V. I. Lenin

What is Happening in the Countryside?

Published: Rabochaya Gazeta No. 2, December 18 (31), 1910. Published according to the text in Rabochaya Gazeta.
Source: Lenin Collected Works, Progress Publishers, [1974], Moscow, Volume 16, pages 359-360.
Transcription\Markup: R. Cymbala
Copyleft: V. I. Lenin Internet Archive (www.marxists.org) © 2004 Permission is granted to copy and/or distribute this document under the terms of the GNU Free Documentation License.  

Ex-Minister of Agriculture Yermolov’s new book about the “present epidemic of incendiarism in Russia” has given rise to controversy in the newspapers. The liberal press has pointed out that fires in the countryside have not decreased but rather increased after the revolution. The reactionary newspapers have taken up Yermolov’s outcry and lamentation about “the impunity of the incendiaries”, “terrorism in the countryside”, and so on. There has been an extraordinary increase in the number of fires in rural localities. For in stance, between 1904 and 1907 the figure went up twofold in Tambov Gubernia, two and a half times in Orel Gubernia, and threefold in Voronezh Gubernia. “The more or less well-to-do peasants,” writes Novoye Vremya, which acts as a lackey of the government, “want to set up farmsteads and are trying to introduce new farming methods, but are besieged, as if by guerrillas in enemy territory, by a lawless rural element that has run wild. They are being burned out and hounded, hounded and burned out until there is nothing left for them to do but ‘abandon everything and flee’.”

An unpleasant admission indeed for those supporting the tsarist government! For us Social-Democrats the latest in formation is not lacking in interest as further confirmation of the lies of the government and the pitiful impotence of liberal policy.

The Revolution of 1905 fully showed that the old order in the Russian countryside is irrevocably doomed by history. Nothing in the world can bolster up this order. How is it to be changed? The peasant masses gave the answer by their uprisings in 1905 and through their deputies in the First and Second Dumas. The landed estates must be taken away from the landlords without compensation. When 30,000 land lords (headed by Nicholas Romanov) own 70 million dessiatines of land and ten million peasant households almost the   same amount, the result can be nothing except bondage, abject poverty, ruin and stagnation of the whole national economy. Hence the Social-Democratic Labour Party called on the peasants to take up the revolutionary struggle. By their mass strikes in 1905 the workers throughout Russia rallied the peasants and directed their struggle. The liberal plan to “reconcile” the peasants with the landlords through “redemption payments at a fair valuation”{1} was an empty, miserable, treacherous trick.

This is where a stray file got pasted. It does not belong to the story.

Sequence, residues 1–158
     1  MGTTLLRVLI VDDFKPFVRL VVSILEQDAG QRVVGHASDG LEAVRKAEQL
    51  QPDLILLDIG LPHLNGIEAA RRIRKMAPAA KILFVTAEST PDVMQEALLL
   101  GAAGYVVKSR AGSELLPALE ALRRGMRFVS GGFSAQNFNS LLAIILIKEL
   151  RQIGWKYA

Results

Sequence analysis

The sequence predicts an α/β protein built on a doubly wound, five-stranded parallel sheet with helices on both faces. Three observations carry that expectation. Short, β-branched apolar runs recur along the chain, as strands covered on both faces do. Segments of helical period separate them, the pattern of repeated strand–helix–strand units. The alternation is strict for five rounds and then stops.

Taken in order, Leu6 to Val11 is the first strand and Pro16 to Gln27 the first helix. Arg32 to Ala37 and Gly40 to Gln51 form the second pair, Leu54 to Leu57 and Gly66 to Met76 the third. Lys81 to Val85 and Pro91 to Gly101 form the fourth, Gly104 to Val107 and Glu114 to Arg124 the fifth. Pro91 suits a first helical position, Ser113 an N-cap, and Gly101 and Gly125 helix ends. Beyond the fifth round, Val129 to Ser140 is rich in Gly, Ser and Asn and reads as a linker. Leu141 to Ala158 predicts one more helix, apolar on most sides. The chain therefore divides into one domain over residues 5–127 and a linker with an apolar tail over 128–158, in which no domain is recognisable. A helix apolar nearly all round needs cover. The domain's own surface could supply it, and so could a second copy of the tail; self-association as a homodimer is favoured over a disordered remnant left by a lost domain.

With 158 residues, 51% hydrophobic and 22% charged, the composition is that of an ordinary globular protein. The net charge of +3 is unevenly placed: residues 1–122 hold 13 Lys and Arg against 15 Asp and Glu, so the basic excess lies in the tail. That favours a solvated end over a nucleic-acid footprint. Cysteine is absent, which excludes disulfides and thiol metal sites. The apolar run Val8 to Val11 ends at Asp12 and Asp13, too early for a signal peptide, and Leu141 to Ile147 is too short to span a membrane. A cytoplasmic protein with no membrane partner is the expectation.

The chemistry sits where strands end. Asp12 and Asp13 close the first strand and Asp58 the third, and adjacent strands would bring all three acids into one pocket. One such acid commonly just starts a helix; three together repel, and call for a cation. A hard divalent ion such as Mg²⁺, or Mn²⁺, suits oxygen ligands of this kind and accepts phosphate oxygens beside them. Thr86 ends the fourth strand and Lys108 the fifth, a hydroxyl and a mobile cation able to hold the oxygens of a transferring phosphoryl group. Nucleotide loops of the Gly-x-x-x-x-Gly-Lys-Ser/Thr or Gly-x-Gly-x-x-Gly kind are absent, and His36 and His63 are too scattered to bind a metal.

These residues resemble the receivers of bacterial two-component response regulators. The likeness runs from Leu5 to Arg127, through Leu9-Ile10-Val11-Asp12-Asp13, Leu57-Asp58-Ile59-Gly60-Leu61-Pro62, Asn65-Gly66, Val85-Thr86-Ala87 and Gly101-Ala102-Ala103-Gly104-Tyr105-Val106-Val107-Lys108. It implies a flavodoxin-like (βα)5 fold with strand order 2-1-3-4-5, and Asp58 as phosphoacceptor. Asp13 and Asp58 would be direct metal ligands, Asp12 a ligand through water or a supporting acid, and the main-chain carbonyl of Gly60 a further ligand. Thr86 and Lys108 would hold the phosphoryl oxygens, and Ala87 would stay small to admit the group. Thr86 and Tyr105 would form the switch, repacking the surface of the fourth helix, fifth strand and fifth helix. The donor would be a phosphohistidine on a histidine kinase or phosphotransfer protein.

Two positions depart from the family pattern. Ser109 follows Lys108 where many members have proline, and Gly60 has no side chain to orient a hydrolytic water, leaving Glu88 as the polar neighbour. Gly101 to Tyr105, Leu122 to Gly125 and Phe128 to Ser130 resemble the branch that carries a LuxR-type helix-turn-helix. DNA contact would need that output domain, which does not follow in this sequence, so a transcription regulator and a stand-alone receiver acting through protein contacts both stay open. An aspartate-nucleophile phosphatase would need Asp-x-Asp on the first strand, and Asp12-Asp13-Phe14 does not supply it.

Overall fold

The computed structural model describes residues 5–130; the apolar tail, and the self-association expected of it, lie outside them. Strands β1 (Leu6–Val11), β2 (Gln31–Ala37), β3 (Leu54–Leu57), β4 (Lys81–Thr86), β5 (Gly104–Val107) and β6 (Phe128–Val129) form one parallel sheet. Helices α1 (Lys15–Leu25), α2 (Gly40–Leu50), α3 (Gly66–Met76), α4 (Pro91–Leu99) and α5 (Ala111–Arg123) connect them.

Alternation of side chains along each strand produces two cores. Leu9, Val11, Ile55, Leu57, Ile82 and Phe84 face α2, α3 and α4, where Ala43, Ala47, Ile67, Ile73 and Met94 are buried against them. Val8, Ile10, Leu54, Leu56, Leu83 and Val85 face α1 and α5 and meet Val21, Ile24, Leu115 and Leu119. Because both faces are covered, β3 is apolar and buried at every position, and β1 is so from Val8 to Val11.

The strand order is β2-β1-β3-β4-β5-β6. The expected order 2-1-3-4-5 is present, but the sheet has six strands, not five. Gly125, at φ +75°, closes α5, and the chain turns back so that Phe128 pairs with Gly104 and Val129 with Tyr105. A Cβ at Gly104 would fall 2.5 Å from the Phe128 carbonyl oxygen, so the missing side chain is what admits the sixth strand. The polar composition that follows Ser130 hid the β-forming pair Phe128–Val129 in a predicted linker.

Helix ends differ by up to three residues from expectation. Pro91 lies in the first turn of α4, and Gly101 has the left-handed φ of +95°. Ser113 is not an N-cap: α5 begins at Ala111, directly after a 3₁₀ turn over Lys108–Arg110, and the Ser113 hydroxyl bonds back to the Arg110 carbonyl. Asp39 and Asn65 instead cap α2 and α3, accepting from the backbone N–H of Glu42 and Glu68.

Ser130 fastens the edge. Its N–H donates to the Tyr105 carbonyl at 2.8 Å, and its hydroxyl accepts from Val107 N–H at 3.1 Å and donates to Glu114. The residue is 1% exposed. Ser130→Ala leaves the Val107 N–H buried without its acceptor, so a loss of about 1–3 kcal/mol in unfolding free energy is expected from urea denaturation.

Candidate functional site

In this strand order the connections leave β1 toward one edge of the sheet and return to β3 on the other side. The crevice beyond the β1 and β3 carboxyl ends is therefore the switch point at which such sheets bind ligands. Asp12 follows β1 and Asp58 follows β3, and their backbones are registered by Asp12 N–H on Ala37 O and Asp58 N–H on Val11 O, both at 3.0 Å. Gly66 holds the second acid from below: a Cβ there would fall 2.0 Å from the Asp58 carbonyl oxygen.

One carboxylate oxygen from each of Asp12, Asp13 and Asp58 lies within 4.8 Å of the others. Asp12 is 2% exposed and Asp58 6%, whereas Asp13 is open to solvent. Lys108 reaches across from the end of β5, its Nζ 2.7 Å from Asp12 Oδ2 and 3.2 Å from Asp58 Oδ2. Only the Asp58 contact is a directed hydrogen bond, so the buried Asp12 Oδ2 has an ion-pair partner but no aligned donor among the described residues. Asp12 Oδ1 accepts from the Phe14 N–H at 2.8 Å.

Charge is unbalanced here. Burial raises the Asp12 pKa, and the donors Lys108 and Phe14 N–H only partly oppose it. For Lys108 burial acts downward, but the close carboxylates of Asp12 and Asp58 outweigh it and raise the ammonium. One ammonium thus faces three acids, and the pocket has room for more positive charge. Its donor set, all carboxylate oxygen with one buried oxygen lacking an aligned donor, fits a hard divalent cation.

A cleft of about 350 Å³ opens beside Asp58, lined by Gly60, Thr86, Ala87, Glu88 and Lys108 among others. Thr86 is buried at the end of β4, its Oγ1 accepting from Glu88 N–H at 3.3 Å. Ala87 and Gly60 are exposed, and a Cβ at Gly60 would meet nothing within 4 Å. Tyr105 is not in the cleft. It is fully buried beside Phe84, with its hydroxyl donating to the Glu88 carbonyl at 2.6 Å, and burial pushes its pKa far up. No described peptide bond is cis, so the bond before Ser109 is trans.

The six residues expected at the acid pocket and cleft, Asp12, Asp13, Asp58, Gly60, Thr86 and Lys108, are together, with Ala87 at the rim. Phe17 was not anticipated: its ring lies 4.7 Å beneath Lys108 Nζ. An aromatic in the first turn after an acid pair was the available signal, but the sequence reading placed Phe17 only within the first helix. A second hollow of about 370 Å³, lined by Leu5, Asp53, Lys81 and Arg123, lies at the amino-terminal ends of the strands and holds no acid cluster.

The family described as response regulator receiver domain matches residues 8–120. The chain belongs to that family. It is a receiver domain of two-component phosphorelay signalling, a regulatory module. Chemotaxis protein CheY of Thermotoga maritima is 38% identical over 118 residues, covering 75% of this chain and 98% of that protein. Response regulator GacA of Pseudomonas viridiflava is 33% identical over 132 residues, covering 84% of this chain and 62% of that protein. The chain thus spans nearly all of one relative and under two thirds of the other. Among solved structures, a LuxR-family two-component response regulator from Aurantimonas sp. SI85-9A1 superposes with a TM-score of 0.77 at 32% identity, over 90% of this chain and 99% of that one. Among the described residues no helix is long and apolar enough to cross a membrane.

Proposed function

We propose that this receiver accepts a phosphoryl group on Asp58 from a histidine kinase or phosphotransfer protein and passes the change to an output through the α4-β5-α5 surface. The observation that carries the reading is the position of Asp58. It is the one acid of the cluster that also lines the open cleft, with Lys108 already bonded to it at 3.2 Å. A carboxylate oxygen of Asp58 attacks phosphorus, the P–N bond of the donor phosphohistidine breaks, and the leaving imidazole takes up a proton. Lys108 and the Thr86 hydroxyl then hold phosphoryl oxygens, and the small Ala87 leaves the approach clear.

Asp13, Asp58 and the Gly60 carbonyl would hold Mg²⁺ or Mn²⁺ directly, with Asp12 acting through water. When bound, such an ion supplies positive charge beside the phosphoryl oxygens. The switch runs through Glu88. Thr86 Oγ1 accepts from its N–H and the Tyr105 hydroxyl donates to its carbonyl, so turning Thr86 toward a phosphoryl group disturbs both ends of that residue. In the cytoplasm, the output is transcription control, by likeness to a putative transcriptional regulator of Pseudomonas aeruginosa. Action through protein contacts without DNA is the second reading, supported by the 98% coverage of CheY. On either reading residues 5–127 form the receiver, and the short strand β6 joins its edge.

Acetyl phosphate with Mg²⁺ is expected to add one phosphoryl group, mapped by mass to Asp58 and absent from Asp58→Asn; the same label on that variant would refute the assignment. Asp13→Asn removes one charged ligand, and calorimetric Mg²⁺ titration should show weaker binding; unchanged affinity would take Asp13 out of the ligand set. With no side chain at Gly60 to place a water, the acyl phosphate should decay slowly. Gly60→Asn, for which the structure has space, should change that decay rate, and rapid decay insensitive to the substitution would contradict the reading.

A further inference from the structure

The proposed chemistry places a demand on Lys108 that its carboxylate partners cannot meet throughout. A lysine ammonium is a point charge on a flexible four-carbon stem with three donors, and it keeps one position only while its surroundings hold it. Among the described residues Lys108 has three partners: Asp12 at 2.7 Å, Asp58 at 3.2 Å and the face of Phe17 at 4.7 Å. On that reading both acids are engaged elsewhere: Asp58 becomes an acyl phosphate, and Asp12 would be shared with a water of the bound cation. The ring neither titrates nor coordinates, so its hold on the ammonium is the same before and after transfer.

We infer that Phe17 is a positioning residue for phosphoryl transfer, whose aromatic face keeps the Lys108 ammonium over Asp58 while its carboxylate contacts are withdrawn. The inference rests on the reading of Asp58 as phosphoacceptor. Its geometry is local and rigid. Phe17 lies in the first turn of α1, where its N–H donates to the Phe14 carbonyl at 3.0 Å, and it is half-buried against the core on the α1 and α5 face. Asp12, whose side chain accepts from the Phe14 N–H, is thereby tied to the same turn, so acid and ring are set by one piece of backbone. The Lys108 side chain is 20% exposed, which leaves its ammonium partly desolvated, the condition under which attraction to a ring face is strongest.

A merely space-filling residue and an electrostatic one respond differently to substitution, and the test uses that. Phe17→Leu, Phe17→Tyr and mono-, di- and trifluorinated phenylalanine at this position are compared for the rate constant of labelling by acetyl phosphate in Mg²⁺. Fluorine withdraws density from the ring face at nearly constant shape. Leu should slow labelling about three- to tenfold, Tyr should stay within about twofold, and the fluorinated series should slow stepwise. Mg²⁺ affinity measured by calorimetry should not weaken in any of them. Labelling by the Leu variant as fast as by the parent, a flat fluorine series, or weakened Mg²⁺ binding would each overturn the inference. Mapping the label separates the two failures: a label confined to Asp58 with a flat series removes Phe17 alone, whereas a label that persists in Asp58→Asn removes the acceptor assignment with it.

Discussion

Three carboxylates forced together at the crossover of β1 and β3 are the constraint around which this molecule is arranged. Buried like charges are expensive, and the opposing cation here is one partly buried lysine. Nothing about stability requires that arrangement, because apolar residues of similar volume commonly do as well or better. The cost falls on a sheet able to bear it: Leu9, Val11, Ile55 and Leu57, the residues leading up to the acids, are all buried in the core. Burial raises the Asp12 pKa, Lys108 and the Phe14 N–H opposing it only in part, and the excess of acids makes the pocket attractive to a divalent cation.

How does the Stolypin government want to refashion the old order in the countryside? It wants to speed up the complete ruin of the peasants, to preserve the landed estates, to help an insignificant handful of rich peasants to set up farmsteads and grab as much as possible of the land of the village communes. The government has realised that the peasant masses are against it and it is trying to find allies among the rich peasants.

Stolypin himself once said that “twenty years of tranquillity” would be needed to carry out the “reform” proposed by the government. By “tranquillity” he means submissiveness on the part of the peasants, the absence of any struggle against violence. Yet without violence committed by the rural superintendents and other authorities, violence at every step, violence against tens of millions—without sup pressing the slightest signs of independence on the part of these millions, the Stolypin “reform” cannot be carried out. Not even for three years, let alone twenty, has Stolypin been able to bring about “tranquillity”, nor will he be able to do so; this is the unpleasant truth of which the tsar’s lackeys have been reminded by the ex-minister’s book about fires in the countryside.

The peasants do not and cannot have any other way out of the position of desperate want, poverty, and death by starvation into which the government has plunged them than by mass struggle together with the proletariat to overthrow the tsarist regime. Preparation of the forces of the proletariat for this struggle, the creation, development and consolidation of proletarian organisations—this is the immediate task of the R.S.D.L.P.


{1} This refers to the plan put forward by the Constitutional-Democratic Party (Cadets) in 1906 for transferring to the peasants part of the landlords’ land for which compensation was to be paid to the landlords. The “fair valuation” of which the Cadets spoke meant that the peasants would have to pay for the land much more than it was actually worth.

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